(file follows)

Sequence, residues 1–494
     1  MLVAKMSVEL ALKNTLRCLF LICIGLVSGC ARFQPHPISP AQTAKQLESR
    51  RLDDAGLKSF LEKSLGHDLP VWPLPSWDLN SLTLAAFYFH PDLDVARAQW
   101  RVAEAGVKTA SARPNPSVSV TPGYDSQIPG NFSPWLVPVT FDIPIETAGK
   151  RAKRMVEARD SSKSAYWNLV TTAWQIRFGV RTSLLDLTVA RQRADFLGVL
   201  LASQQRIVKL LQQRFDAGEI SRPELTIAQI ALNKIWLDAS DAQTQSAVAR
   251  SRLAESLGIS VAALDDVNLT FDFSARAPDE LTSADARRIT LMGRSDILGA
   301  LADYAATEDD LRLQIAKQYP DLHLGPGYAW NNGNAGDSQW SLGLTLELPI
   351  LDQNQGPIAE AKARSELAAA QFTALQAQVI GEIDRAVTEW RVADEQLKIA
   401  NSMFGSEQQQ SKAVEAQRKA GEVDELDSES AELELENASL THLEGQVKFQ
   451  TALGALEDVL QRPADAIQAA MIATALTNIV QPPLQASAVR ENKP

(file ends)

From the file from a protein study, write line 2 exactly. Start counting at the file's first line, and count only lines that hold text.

     1  MLVAKMSVEL ALKNTLRCLF LICIGLVSGC ARFQPHPISP AQTAKQLESR